The Congress of the Pakistan Football Federation (PFF) suspended its President Makhdoom Syed Faisal Saleh Hayat on charges of alleged financial corruption, rigging in elections and violation of Federation’s constitution. The Congress also removed Secretary General PFF Col. Ahmed Yar Lodhi from his post on the same charges. The congress further announced that the elections will now be held at Pakistan Football House Lahore, instead of the previously decided venue of Shangla Galli on June 30. The allegations of corruption in Pakistan Football Federation are not a surprise disclosure.

A former PFF secretary Hafiz Salman Butt reportedly is already going through a ban by the International Football Federation (FIFA) on similar charges. Faisal Saleh and Hafiz Salman have been active in politics for the last three decades. It seems that the coveted position in the national sports body seems to have been perpetually doled out as a favour to the politicians instead of a sportsman of repute, an act, which can always be avoided. The nomination of Kashmala Tariq as new chairperson, PFF Women Committee is proof that the authorities have learned nothing from the past experiences and are bent upon repeating the same mistake of putting square pegs in round holes.

It can easily be predicted that a combination of a politician with a former officer from the forces will again be given the reins of the PFF which would reflect complete disregard of the authorities for the sport itself.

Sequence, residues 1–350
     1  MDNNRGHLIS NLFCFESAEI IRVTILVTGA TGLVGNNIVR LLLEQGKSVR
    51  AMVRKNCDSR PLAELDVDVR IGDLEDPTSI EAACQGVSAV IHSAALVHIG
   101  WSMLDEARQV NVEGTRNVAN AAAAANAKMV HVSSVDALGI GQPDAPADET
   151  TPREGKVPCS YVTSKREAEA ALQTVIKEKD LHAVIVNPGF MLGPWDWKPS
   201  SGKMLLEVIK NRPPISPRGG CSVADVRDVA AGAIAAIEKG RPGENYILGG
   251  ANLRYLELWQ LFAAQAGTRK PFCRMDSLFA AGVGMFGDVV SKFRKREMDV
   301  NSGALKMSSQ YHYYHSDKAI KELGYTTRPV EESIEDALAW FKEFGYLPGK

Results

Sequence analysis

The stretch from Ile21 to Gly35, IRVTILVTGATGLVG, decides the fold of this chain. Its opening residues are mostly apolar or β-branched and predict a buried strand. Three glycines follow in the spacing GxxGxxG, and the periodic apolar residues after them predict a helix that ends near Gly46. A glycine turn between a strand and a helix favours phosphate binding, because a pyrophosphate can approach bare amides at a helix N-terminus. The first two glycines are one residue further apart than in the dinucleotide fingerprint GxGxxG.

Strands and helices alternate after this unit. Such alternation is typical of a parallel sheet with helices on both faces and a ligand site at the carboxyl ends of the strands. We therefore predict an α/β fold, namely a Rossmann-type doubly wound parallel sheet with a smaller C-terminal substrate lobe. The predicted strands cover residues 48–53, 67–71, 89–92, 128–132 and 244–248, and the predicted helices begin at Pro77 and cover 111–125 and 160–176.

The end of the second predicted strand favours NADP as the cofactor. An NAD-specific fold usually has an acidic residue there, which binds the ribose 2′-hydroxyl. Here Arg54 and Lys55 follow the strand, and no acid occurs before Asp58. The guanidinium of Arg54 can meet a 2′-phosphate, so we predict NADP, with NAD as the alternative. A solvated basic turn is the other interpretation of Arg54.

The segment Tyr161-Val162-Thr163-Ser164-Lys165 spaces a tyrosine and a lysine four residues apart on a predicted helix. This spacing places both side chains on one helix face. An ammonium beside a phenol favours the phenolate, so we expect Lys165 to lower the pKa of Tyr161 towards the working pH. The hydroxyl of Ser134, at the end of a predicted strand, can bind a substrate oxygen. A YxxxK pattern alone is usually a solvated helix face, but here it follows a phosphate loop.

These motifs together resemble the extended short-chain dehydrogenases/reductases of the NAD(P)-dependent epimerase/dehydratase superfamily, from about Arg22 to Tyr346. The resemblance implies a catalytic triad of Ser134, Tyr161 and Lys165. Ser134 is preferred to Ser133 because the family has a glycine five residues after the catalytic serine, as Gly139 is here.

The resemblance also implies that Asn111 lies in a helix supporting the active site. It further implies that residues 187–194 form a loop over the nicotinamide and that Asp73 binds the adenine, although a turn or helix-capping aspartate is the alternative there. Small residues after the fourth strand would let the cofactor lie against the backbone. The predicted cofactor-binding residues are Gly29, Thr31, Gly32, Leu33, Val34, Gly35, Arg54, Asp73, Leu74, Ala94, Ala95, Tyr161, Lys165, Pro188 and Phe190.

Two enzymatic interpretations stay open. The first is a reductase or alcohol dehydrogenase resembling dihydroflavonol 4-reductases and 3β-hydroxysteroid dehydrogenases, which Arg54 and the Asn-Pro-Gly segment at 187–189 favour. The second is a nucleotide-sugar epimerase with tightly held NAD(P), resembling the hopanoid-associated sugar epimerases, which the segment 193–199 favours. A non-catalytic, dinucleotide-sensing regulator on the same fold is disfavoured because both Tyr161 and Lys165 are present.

Corruption in sports is not limited to Pakistan, though. It is emerging as a universal phenomenon. The FIFA, controlling body of the football in the world, is also under investigation of the FBI in USA on charges of bribery in allocating FIFA World Cup venues to Moscow and Qatar. The game of cricket has also been in the news for the last many years for corrupt practices in the Indian Premier League. However, none of those involved in the above scandals happen to be former politicians or ex-military men. Pakistani politicians turned sports managers are invariably involved in malpractices of all sorts. Almost all the so called elections in such bodies face allegations of rigging which indirectly confirm the already negative image of the country in this arena. Will our decision makers ever learn to take fair decisions in the larger public interest?